Plans by the Victorian Government to remove the payroll tax exemption on some non-government schools have serious cost-of-living implications, National Catholic Education Commission executive director Jacinta Collins said yesterday.
“The move by the Victorian Government has serious cost-of-living implications and puts greater pressure on school fees and a teaching workforce that is already under considerable strain,” Ms Collins said.
“National Catholic school leaders have expressed concern today at the Victorian Government’s decision that has been made without consultation and is outside of the National School Reform Agreement.”
Ms Collins said the tax, which may affect non-government secondary schools charging $7500 or more in school fees, is inconsistent with the minimum fee expectations of the national school funding model.
“School funding is means tested according to the socio-economic status of families who send their children to a non-government school.
“A reported $7500 arbitrary threshold would wrongfully categorise many Catholic schools as high-fee schools. It would set the payroll tax threshold at the mid-point of the minimum fee expectations of families,” Ms Collins said.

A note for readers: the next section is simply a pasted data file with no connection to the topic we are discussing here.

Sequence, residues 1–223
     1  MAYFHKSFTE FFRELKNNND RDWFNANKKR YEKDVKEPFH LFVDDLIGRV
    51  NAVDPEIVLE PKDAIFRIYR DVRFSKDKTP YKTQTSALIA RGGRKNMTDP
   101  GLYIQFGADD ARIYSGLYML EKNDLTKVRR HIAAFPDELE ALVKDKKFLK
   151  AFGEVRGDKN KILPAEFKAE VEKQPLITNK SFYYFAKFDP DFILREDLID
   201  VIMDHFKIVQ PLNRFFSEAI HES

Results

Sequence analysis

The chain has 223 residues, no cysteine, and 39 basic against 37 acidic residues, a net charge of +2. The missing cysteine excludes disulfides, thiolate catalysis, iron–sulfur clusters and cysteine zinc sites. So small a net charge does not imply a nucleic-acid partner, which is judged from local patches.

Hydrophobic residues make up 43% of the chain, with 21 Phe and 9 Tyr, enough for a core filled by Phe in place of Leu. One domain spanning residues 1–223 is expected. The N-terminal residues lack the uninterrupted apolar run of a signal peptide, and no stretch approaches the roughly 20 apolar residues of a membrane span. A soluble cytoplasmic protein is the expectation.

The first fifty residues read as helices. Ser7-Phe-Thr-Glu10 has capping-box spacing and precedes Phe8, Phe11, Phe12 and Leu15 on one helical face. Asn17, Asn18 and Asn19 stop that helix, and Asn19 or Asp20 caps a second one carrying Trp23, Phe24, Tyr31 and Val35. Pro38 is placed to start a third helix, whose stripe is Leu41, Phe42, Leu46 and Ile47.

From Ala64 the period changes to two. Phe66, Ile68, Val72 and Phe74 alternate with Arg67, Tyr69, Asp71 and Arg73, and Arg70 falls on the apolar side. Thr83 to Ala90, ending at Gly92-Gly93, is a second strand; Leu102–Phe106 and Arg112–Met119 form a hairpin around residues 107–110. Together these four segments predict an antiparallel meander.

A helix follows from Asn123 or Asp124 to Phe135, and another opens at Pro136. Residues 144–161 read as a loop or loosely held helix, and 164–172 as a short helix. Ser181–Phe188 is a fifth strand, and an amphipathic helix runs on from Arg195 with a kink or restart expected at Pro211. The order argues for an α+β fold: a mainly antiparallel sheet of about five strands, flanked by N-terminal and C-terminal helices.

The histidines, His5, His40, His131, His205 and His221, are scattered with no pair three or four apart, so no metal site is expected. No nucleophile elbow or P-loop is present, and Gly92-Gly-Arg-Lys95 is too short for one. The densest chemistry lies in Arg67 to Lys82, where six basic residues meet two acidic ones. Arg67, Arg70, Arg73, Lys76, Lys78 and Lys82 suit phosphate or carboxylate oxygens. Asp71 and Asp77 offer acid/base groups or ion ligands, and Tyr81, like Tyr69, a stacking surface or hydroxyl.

“Catholic schools are not-for-profit services and Catholic school families are already contributing significantly towards their children’s education through school fees and building levies, alleviating the burden on governments.
Catholic Education Commission of Victoria Ltd executive director Jim Miles said the sector was deeply concerned about the policy, which is likely to apply to about 25 Catholic secondary colleges in the state.
“We recognise that most Catholic schools will not be impacted by this policy,” Mr Miles said. “However, if the threshold previously used by the state government to define low-fee schools of less than $7500 per year is applied, then this will be a significant hit to the operating budget of schools and families in communities that can ill-afford it“
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